The Dangers Of Antibiotic Resistance

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Antibiotic resistance is the ability of bacteria to resist the effects of drugs (About Antimicrobial Resistance). It happens when the antibiotic loses its ability to control or kill bacterial growth in the human body. Even though resistance is a natural phenomenon that occurs like natural selection in bacteria, it should not be causing as much of a problem with humans as it has been increasingly through the years (General Background: About Antibiotic…). Antibiotic resistance can be naturally acquired by bacteria through horizontal or vertical gene transfer as well as bacteria having the ability to adopt “free” bacteria from the environment it is in (General Background: About Antibiotic…). The reason antibiotic resistance has become such a …show more content…
The people most at risk are people who are immunocompromised (Levy, Stuart B.). Examples of these people are generally people in a health care facility or nursing home. Patients going through things like chemotherapy, dialysis, or transplants are at very high risk because they are all immunocompromised. Also people who have rheumatoid arthritis are at high risk because the drugs they take can make them immunocompromised. Patients who have any kind of manmade device (catheter, pacemaker, and stents) are at high risk due to resistant biofilm that can produce an infection (Vicky, …show more content…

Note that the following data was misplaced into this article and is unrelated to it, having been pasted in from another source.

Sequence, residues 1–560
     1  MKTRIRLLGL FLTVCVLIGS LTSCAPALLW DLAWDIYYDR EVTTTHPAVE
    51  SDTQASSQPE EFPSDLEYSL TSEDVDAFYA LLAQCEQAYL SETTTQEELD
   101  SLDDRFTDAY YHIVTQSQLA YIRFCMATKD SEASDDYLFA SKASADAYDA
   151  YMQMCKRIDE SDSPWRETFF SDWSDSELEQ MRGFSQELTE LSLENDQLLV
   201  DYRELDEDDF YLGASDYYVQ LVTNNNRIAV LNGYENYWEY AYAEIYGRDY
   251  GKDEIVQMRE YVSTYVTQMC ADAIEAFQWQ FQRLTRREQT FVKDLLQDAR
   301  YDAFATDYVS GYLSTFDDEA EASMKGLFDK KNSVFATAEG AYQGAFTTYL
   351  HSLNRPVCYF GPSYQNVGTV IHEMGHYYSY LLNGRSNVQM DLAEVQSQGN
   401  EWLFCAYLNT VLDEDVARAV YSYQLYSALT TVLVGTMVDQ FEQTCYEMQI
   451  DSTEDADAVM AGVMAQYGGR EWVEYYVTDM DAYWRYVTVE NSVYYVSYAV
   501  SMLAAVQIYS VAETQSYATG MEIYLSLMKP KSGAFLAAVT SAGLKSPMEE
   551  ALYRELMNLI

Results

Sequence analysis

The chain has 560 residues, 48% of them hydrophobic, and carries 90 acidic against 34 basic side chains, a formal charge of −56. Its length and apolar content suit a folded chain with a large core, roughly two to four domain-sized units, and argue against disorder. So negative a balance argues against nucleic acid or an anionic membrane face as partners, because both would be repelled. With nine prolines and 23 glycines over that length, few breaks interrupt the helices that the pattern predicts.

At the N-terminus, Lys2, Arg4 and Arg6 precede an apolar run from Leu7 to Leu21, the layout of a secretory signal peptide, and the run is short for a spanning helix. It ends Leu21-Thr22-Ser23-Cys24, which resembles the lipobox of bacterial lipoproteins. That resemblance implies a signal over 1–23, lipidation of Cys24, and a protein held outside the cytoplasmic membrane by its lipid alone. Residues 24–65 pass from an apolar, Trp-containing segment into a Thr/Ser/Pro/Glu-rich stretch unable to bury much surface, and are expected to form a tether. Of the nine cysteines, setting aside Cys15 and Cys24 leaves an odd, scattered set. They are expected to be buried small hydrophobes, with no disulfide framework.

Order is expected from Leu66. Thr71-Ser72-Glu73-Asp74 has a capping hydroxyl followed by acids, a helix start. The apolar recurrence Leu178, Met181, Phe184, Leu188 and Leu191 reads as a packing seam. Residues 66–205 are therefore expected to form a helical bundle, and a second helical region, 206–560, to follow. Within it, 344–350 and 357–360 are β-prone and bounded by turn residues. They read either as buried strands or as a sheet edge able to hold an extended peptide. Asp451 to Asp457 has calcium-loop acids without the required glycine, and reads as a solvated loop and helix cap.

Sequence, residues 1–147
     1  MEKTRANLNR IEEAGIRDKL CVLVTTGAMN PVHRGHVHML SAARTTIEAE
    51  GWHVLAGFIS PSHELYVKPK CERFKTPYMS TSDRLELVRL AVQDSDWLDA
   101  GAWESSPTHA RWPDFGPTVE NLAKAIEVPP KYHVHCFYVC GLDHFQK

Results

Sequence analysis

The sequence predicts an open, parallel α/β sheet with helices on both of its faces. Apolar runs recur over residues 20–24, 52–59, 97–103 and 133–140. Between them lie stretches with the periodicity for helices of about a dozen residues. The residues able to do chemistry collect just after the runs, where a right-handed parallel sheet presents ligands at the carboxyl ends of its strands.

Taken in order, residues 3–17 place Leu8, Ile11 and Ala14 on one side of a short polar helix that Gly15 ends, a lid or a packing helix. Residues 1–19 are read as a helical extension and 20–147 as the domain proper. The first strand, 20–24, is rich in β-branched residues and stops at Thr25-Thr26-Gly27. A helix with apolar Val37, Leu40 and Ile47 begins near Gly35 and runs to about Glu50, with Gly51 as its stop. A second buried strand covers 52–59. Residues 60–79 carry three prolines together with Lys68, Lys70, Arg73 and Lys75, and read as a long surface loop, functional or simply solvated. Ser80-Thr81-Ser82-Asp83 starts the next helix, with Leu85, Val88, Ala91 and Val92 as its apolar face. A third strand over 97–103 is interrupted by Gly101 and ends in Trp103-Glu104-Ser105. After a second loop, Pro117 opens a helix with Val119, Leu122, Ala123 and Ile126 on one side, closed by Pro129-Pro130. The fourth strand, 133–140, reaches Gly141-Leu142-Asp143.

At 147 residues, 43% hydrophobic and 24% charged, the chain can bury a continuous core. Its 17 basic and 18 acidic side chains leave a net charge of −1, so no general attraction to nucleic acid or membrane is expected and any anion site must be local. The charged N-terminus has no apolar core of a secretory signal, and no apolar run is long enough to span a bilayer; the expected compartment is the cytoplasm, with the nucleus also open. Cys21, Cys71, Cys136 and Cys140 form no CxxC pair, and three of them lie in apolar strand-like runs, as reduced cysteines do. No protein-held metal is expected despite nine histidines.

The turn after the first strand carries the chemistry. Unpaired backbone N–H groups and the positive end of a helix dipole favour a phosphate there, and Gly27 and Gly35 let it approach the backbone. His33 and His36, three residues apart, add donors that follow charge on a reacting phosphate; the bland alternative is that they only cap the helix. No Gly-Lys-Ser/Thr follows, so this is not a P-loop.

This program promotes the appropriate use of antibiotics, improves patient outcomes, decreases the spread of infections due to resistance, and also reducing resistance as a whole. Partnering with the American Hospital Association, APIC has put together a toolkit with items like patient, hospital, and clinician resources available through a link in order to help inform people about the appropriate use of antibiotics. APIC even has an entire program dedicated to reducing the effects of resistant Clostridium

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